Amidst COVID-19, CA Attorney General Issues Second Modified CCPA Regulation

Morgan Lewis Practical Advice on Privacy: Guide to the CCPA

March 25, 2020

The California attorney general on March 12 released additional modified regulations proposing further refinements to the California Consumer Privacy Act. This latest set are mostly minor adjustments, introducing fewer significant new concepts than the previous iterations on October 11, 2019 and February 7 and 10, 2020. Against this backdrop, businesses responding to the coronavirus (COVID-19) outbreak seek enforcement delays as the regulations approach final form.


While the March 12 modifications (Second Set of Modifications) suggest that the CCPA regulations are approaching their final form in advance of the law’s July 1, 2020 enforcement date, there is a growing movement in the business community calling for the pushback of the enforcement date to January 1, 2021 in light of the COVID-19 outbreak. On March 17, a group of 34 trade associations, companies, and organizations—including the Association of National Advertisers, California Retailers Association, and CalChamber—submitted a letter to the attorney general requesting a delay in enforcement.

The March 17 letter states the following:

The public health crisis brought on by COVID-19 juxtaposed with the quickly approaching enforcement date for the CCPA places business leaders in a difficult position. They are forced to consider tradeoffs between decisions that are best for their employees and the world-at-large and decisions that may help the organizations they lead avoid costly and resource intensive enforcement activities.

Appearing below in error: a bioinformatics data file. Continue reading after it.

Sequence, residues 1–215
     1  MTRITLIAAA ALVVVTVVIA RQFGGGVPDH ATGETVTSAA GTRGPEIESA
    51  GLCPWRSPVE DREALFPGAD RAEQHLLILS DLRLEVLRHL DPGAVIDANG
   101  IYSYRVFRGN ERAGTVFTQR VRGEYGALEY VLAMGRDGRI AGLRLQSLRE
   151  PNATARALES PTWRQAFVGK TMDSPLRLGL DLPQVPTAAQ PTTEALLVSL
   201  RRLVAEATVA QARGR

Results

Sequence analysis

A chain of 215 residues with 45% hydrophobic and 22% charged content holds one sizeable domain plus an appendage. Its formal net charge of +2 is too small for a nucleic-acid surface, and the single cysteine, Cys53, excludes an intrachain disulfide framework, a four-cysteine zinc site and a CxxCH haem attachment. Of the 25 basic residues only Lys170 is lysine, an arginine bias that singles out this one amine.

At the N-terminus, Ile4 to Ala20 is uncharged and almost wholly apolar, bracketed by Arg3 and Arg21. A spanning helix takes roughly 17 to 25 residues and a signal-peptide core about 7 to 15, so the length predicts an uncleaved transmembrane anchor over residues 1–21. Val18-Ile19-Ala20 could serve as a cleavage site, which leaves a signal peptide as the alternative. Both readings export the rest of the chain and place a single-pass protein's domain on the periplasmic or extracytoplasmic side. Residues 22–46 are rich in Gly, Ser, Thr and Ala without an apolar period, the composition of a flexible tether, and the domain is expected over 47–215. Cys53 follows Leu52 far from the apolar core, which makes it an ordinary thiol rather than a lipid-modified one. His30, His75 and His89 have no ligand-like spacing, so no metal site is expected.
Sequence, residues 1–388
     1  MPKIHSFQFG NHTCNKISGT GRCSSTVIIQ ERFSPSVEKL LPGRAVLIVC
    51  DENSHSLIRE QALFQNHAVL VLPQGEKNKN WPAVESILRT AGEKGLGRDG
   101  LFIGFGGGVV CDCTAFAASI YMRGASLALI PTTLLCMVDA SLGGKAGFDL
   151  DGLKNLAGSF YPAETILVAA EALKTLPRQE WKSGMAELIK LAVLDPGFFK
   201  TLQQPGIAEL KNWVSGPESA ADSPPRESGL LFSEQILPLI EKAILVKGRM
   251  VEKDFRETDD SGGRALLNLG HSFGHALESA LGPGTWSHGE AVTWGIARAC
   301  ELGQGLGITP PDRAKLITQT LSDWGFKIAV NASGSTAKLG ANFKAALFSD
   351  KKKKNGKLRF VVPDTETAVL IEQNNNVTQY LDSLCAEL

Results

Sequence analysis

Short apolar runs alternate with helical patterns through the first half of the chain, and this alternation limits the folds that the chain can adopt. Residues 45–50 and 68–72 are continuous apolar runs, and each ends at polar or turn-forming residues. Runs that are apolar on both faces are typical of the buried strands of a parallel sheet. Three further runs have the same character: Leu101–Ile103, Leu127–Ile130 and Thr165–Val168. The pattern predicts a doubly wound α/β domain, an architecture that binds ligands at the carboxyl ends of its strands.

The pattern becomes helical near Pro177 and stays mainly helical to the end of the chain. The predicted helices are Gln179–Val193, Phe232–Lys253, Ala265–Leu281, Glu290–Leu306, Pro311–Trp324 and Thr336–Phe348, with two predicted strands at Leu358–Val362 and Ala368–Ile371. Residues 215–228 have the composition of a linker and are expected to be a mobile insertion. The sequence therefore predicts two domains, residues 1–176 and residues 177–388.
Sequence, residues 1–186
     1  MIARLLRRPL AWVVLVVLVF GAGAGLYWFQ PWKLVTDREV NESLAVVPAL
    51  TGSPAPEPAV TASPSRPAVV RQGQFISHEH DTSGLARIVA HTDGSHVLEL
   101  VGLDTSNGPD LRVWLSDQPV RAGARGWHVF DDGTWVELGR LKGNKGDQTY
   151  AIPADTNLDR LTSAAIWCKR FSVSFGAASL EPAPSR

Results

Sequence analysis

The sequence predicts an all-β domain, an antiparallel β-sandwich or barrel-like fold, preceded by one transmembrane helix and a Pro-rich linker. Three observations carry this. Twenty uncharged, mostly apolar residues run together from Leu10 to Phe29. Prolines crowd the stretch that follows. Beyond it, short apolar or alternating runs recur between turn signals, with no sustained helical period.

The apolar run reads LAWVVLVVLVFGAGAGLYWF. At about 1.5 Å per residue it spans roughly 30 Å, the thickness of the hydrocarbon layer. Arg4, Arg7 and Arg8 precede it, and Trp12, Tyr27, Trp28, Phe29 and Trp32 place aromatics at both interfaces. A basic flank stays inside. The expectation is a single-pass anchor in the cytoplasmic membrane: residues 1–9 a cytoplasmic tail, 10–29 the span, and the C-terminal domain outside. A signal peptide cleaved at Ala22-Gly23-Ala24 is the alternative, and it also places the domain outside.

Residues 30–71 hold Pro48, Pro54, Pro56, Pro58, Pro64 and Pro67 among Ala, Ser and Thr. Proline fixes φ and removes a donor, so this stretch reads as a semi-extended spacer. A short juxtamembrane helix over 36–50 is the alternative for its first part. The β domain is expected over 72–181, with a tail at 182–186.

Definition of “Personal Information”.The first set of modified CCPA regulations (First Set of Modifications) introduced guidance on the definition of personal information. That guidance included an example providing that if a business collects the IP addresses of visitors to its website but does not link the addresses to any particular consumers or households, and could not reasonably link the addresses with a particular consumer or household, then the IP address would not be deemed personal information.

This guidance, which seemed to respond to concerns of the online advertising industry and the many businesses with public-facing websites, was eliminated in the Second Set of Modifications. However, it is important to remember that the CCPA statute’s definition of personal information applies to information that “could be reasonably linked, directly or indirectly, with a particular consumer or household” and that definition, which is consistent with the deleted guidance, remains.

Definition of “Financial Incentive”. The definition of financial incentive is at the heart of the CCPA’s non-discrimination provisions, which prohibit discriminatory financial incentives and price or service differences if a business treats a consumer differently because the consumer has exercised CCPA privacy rights.